In terms of significant battlefield trends, a turning point has been reached. In losing Sinjar and Ramadi over the past two months, ISIS leaders didn’t even try to reinforce their holdout fighters. These were just abandoned, with impassioned messages reminding them of the jihadist code: There are only “two good ends, victory or martyrdom,” i.e. a battlefield death. In fact, when a group of fighters ignored the code and fled back to Mosul, they were rounded up in a public square and burned to death.
While Ramadi was being lost, instead of trying to reinforce its forces there, a surprise attack against coalition forces encircling Mosul was attempted, hoping to break a Kurdish/Iraqi siege on three sides of the city that is the Islamic State’s main conquest in Iraq. ISIS came with the usual onslaught of suicide bomb vehicles and staggered attacks, but this time it didn’t work. ISIS was thrown back by the Peshmerga in a single day.
Overall, ISIS has notched no significant military victories in six months. Several days ago, a typically barbaric attack was launched on the Syrian city and province of Deir al-Zour to complete a takeover. Perhaps 200 to 300 Syrian government soldiers, militiamen, and civilians were killed, and several hundred civilian hostages have been taken. The significance of this “victory” remains to be seen, but is unlikely to change the overall battlefield trend. An unexpected development is the fact that Deir al-Zour generated so little attention abroad, where the media focused on the Iran nuclear agreement and the release of American hostages. ISIS savagery is, to put it another way, no longer as shocking as it once was.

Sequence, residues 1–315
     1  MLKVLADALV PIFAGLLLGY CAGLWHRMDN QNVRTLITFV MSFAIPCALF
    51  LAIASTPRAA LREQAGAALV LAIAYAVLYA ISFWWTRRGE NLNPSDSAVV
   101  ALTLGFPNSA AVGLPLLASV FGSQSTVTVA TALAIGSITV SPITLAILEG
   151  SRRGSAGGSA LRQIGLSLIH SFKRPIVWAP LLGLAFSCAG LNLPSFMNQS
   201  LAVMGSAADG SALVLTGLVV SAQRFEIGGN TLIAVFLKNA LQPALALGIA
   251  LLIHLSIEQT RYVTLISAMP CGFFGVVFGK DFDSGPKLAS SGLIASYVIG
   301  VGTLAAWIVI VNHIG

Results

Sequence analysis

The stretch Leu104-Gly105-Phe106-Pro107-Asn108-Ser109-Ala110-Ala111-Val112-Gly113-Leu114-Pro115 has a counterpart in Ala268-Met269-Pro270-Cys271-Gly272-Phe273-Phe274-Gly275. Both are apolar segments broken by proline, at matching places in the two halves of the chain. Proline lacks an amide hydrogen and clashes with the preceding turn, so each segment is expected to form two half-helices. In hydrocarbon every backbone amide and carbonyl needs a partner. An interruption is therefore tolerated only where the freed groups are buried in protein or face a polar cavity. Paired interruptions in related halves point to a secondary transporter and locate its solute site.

The path to vanquishing the caliphate
Nevertheless, Deir al-Zour points to another battlefield trend, that is, the difference between Syria and Iraq. In Iraq the battlefield has been simplified. It’s no longer a chaos of competing military forces, but increasingly everyone else against the Islamic State. Sectarian rancor and ambitions are being muted in order to crush ISIS. News reports suggest that thousands of Sunni tribal fighters, with the Shia-led Baghdad government’s support, are finally integrating with the Shia-led Popular Mobilization Forces.
Syria, by contrast, remains a battlefield chaos of several competing forces: Assad regime forces; insurgent militias (including the Al Qaeda-linked Jabhat al-Nusra Front) that fight each other as well as Assad; Kurds that fight Turkey as well as the Islamic State; and the Islamic State itself. Coordinated coalition airstrikes by American, Russian, French, and British planes indicate agreement by outside powers that the Syrian civil war must stop. No side can win militarily, and destroying ISIS removes a complicating factor because so long as ISIS remains on the territory, it would hold hostage any Syrian cease-fire.